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We were not designed to be virgins forever.  Human are wired to procreate.  Sex feels good for a reason.  The connection that happens is by design – to keep families together which is usually a good thing.  So there will be an appropriate time to lose your virginity.  And on average, this occurs in late high-school. Safe Sex

If you have a guy pooh-pooh on wearing a condom, don’t have sex with him.  If he’s not willing to wear a condom, he’ll be the guy who will get some disease.  If he loves you, he will do whatever you want him to do (especially if it means he gets sex in exchange.)

You have to remember that your vagina is no different from any other woman’s vagina.  Some women believe they have a “super vagina,” that somehow they’ll be able to “trap” a man, or after the guy is exposed to their “magic vagina” he will…change, or appreciate them more than the prior girl, or somehow think they are more special.  This is not true.  To a guy, the only thing that makes one vagina more special than the next…is the MIND of the woman.  You cannot “stand-out” with your vagina. You can only stand-out with your mind.  So make him SEE you, and fall in love with your mind.  Make him show you respect.  Make him wait, and wait, and wait…especially in high-school.  If he loves your mind…he will wait.  If it’s just about the VJ, he will not.  And you have your answer.

And, if you DON’T have sex with him, and you “discover” he’s “cheated on you," you won’t care as much.  Because you’ll realize that “if he’s not getting  it from me, he can get it from her.”  And he will see her as a slut, or why else would he still be chasing after your MIND but sleeping with her?  Who’s really the fool?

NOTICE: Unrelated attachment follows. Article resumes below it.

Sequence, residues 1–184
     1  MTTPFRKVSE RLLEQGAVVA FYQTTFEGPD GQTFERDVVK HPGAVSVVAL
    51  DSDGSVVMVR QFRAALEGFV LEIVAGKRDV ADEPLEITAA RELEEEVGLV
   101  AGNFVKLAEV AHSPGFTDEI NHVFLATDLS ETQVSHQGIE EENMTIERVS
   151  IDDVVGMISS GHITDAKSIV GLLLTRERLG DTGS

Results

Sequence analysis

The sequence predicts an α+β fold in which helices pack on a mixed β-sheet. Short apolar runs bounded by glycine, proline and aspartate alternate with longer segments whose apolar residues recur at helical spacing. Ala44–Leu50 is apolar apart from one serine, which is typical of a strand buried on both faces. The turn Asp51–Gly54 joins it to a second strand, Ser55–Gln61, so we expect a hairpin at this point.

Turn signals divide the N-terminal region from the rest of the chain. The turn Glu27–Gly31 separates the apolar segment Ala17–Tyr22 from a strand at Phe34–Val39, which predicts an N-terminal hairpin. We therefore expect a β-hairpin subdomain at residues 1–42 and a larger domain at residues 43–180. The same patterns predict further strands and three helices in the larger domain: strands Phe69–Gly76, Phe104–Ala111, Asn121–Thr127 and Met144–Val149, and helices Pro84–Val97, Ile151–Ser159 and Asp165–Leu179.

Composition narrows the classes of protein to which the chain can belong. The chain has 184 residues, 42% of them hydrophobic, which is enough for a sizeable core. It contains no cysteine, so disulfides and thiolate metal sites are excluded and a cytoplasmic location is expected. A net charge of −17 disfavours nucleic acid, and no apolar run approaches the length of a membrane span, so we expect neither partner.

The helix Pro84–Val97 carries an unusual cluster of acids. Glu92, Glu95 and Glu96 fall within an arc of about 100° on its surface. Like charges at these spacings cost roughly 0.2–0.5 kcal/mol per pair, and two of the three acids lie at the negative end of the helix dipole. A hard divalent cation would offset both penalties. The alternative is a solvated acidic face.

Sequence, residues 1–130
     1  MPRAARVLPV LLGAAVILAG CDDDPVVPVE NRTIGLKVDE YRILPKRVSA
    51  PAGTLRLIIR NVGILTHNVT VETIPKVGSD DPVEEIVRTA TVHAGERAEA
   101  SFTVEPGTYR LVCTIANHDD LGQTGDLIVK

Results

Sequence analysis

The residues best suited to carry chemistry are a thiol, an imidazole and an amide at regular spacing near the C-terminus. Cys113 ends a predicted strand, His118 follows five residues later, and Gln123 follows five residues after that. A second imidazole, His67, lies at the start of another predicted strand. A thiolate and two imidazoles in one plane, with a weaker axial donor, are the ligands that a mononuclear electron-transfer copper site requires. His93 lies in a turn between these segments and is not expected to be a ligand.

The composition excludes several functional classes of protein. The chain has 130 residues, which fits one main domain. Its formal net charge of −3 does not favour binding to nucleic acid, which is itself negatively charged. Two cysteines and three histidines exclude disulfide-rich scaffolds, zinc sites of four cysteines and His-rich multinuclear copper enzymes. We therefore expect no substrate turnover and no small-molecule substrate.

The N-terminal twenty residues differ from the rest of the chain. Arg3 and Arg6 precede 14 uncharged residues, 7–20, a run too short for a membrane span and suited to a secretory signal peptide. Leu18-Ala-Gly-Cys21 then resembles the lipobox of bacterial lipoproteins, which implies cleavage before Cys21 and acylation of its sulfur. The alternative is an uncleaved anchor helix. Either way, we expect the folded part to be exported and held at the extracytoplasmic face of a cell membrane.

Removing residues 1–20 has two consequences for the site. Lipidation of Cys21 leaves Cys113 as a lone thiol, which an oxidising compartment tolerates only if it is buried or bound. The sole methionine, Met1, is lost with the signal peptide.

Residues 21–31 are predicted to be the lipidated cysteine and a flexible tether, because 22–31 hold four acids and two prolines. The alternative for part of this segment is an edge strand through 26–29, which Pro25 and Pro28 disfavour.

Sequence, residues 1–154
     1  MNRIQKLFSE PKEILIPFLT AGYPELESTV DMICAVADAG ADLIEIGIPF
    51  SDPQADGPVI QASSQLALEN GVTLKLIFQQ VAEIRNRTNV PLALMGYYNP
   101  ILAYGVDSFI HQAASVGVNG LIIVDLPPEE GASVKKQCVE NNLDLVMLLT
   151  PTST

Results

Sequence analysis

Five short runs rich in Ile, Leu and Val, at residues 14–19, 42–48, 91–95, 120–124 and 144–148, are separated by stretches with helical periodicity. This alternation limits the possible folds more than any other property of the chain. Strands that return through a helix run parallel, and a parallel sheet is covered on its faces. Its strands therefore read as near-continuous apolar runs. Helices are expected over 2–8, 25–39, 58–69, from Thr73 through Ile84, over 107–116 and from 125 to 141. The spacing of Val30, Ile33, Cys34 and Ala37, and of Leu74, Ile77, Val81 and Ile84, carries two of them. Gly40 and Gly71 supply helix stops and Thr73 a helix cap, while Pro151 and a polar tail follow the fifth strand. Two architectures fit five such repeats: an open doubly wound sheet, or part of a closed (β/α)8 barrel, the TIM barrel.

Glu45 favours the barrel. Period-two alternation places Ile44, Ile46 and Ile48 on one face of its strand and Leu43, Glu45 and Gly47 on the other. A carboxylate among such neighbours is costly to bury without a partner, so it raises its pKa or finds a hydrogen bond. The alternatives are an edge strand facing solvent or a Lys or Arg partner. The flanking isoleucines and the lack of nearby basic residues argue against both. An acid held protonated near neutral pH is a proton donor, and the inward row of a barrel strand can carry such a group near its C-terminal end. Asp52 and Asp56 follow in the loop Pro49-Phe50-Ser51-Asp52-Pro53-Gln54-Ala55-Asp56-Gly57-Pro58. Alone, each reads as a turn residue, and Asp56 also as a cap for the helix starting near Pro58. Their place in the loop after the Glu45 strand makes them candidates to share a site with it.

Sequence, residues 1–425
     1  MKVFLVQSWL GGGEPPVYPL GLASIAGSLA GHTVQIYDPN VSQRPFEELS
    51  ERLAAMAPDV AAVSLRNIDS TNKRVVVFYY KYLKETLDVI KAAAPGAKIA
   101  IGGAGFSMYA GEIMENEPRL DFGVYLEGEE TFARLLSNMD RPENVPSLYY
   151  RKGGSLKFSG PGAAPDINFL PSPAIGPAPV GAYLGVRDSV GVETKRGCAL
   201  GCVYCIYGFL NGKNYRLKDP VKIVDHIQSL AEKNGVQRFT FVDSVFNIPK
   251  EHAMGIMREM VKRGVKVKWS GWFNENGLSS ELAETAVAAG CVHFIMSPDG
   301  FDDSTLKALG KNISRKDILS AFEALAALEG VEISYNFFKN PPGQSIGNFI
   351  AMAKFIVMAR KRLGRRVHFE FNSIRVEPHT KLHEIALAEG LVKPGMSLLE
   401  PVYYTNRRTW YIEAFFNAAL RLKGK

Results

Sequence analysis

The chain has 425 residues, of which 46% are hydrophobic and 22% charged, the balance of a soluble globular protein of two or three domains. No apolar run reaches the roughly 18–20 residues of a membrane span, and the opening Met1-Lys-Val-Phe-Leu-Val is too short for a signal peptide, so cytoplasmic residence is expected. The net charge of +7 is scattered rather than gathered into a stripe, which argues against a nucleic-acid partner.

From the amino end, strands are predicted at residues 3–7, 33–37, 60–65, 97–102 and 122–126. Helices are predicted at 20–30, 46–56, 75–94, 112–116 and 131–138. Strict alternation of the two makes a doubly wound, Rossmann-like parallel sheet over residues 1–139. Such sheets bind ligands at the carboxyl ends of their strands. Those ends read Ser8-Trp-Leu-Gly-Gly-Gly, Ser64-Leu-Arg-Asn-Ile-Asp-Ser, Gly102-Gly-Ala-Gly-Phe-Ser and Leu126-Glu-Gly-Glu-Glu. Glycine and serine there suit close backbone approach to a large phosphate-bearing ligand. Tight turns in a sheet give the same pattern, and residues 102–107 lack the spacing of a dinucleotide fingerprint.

What about birth control?  Of course there are hormone based contraception to help prevent ovulation so an egg never pops out of your ovary in the first place.  This is a short term solution, in my opinion, for a woman who is in a monogamous relationship.  The reason is because, hormone altering substances over a long period of time seem to me like a bad idea.  That is not natural, and with so many hormone related cancers so prevalent today, I would not be surprised if BCPs and hormones play a role.  But, for the short term – 5 years or so – it’s probably fine.

There are many hormone based contraception methods to choose from.  Pills, patches, shots are all hormone based and all “trick” your body into thinking it’s pregnant to prevent ovulation.  It’s the frequency of the hormone application, shot, or ingestion of the pill that makes them different.  And there are various strengths and combinations of hormones in the different pill/hormone formulations.  Essentially, they all work the same way.

 Condom Text

For a high school and college girl/woman – condoms are much, much better.  Even though they are not 100%, they offer protection against DISEASE.  Birth control pills do not offer protection against disease.  And, may inadvertently contribute to disease because it gives a young woman a sense that having sex (and contraception) is solely her responsibility, and may lead to diminished vigilance on her part to make sure her partner(s) are okay. 

I think the IUD (intrauterine device) seems like a good idea, but I was always wary of the whole “wire inside of my uterus” and it “causing a constant state of inflammation” preventing attachment of a fertilized egg to my uterus.  I mean, the egg is fertilized…so it’s like an abortion, kinda.  I’m not against abortion, per se, but not my first choice in birth control for sure.

The rhythm method does work, if you’re regular and are in tuned with your body.  If you are able to check the consistency of the cervical mucus, keep accurate dates of your menstrual cycle, and your sexual relationship is disease-free and monogamous.  Your partner must understand and be willing to not have sex when you are “fertile.”  This method is not as effective as condoms or hormones, so it is a method best reserved for women who are older, more established when actually having a baby would be acceptable.   But, when you’re first starting out, it’s not a good option because your cycle may change (especially after you start having sex, and as the hormones adjust), and with young teen-age guys, a barrier method will protect you better.  Imagine a break-up.  It’s already hard enough without having to worry about having a disease like HIV to boot.